Writing advice from yours truly
Here’s my latest piece for the CreateSpace blog. Check it out. Leave a comment. Join the community.
Do you know your story’s inciting incident? The inciting incident is the event that drives your protagonist toward the pursuit of a certain outcome. Or, as writing guru Robert McKee puts it in his book Story, it’s “an event that radically upsets the balance of forces in the protagonist’s life.” It usually comes in the form of drastic change and puts your main character in a position where he/she must take action. That action is usually outside the bounds of his or her normal behavior and causes conflict that propels growth. In many ways, it’s the keystone of your character arc.
Just say it!
I am offensive. I have to be. I’m a writer. This is something I struggled with for a long time because in my non-writery life I’m a nice, if not downright decent guy. I’m the kind of guy who leaves a note on someone’s windshield if my car door opens too wide and might have possibly dinged their door. I hold doors open for people. I say “Bless you” to perfect strangers when they sneeze.
But when it comes to storytelling, I have to leave myself at the door when I write because the characters and the story are far more important than my desire not to offend people. One need only to take a look at the first line of my young adult horror/scifi novel, The Takers, to see how truly offensive I can be. That line is: “We killed the retarded boy.” It is stark and plainly spoken. In short, it evokes emotion, and that is my job as a writer. I have had people tell me they loved the first line, and I’ve had people tell me they were deeply troubled by the first line, so much so that they almost stopped reading. I’m happy with both reactions. If I tried to write a non-offensive version of the line it wouldn’t have the same power. Don’t believe me? Try this on for size. “We took the life of the boy with Down syndrome.” Is it as effective? I don’t think so. It’s too wishy-washy, too sanitized. For me, the best writing is dirty and gritty and unapologetic. At the risk of sounding corny, a writer has to transcend sentiment in order to tell a story. The emotion of a story comes from the characters and the setting not the author.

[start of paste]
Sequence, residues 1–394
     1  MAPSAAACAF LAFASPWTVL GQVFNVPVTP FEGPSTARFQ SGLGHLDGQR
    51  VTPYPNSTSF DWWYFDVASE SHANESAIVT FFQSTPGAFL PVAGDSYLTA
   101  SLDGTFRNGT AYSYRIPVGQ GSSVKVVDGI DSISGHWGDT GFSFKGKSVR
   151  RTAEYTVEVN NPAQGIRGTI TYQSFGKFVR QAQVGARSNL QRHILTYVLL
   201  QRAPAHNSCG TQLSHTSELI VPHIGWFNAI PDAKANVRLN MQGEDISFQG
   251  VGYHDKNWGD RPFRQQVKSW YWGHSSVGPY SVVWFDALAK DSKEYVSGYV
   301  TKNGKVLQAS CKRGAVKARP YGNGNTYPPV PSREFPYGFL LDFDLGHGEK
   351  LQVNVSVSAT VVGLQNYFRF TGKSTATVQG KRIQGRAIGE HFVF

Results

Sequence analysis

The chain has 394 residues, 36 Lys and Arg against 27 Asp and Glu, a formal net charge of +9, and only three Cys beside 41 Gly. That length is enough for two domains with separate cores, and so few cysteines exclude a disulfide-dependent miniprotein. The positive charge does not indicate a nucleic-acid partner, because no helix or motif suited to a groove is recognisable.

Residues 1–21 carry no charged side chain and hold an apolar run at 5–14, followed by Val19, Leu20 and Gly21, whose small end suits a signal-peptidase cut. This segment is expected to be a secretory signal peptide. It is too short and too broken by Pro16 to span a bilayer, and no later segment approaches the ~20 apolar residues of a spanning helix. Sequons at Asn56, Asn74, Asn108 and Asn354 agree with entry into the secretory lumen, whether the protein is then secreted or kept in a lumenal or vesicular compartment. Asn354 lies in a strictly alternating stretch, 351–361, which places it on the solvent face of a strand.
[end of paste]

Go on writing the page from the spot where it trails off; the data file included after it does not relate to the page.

When you start thinking about how a plot or character or phrase may offend the reader, you’re dead in the water as a writer. You’re story arc will be a flat line. Your characters will be one dimensional with no growth, and conflict will basically be absent from your story. Don’t contrive offensiveness. That’s as ineffective as not being offensive at all. Be offensive because the story calls for it. It’s scary to do at times, but you have to muster up the courage and do it because your story will be better for it.
You will take your share of slings and arrows. I certainly have. To quote a mother in Oklahoma: I cannot believe that these were in the teen section. Gross, Gore, Evil, Blood, Guts……….I’m so full of regret that I had ever bought these. Actually, I love her review. She clearly didn’t read the books because the story is actually a tale of good vs. evil, where good struggles but ultimately prevails, but she had a real emotional, visceral reaction. As a writer, I couldn’t ask for anything more.
Writers, offend with impunity… well there will be punity but try not to let it get to you.